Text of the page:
Parents of Black children, and other kids of color, have a unique challenge when it comes to screen time: finding media that’s age appropriate and features lead characters that look like, and relate to, young viewers.

Within the last year, my 6- and 12-year-old children have latched on to Netflix and never looked back. They have their own account and self-select a wide range of programs, which they binge watch with joy. I love that they have so many options and trained them to look for the G, Y, or Y7 ratings in the upper left-hand corner of the screen. Media is so powerful, and young children are not immune from its effects. While it’s important that they participate in making age-appropriate choices, they can still be affected by choosing favorite characters who do not look like them. 

As a Black mother raising Black children, I am familiar with the detrimental consequences that effectuating the European standard of beauty has on the self-esteem and self-worth on children of color. It sets them up for something they will never be and feeds into a forced inferiority complex sponsored by racism and the lack of diversity in mainstream culture. And yet, when my daughter turns on the television, the shows she likes to watch situate the blonde girl as the prettiest and as the leader of the crew. When a Brown-skinned bestie is included, she has the same fine features, long “smooth” locs, blue/green or hazel eye color as the blonde main character, and they even sound alike. These characters are often crying over a boy, perfecting being mean girls, scantily dressed in a fully made-up face, or hoping to be kissed by the cute boy who also is white. These images, well within the Y7 demographic, are too mature for a first or second grader.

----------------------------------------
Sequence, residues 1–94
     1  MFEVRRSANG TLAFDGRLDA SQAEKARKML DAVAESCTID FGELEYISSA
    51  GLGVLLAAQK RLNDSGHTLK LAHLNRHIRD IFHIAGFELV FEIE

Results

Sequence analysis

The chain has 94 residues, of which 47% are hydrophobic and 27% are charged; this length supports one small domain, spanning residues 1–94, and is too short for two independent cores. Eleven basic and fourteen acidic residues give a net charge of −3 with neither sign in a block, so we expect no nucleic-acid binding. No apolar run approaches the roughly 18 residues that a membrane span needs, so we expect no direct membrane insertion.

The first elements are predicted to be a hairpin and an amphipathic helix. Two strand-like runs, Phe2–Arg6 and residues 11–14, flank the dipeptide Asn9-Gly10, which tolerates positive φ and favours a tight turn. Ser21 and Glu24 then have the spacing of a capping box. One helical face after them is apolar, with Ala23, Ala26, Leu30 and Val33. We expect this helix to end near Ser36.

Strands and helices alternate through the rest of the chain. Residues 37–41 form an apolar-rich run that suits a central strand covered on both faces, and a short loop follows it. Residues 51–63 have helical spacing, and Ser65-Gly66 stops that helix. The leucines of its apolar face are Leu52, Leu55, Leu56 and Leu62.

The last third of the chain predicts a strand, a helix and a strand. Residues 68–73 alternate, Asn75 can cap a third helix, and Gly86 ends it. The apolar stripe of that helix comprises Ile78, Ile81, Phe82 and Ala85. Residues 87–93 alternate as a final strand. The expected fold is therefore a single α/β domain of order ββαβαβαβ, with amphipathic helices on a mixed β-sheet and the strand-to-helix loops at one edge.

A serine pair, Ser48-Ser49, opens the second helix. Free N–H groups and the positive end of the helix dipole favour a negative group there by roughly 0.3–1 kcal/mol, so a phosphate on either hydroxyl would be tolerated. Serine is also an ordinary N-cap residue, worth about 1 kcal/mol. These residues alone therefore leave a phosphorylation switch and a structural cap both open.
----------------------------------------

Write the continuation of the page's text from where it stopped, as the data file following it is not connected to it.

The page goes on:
This is less of an issue for my son, who will be a teenager soon. I give him more latitude to watch PG-13 cartoons or comedies without supervision. I haven’t completely let go of the reigns, but know that the foundation I’ve built gives him the tools to filter images that do not reflect his existence. The programs he watched as a kid had superheroes who wore black, but none who were Black. While Disney and Nickelodeon ran several programs with ensemble casts, the Black girls were sassy and the boys were dancing, singing, playing basketball and rapping—all trite stereotypes that have followed us into the second decade of the new millennium.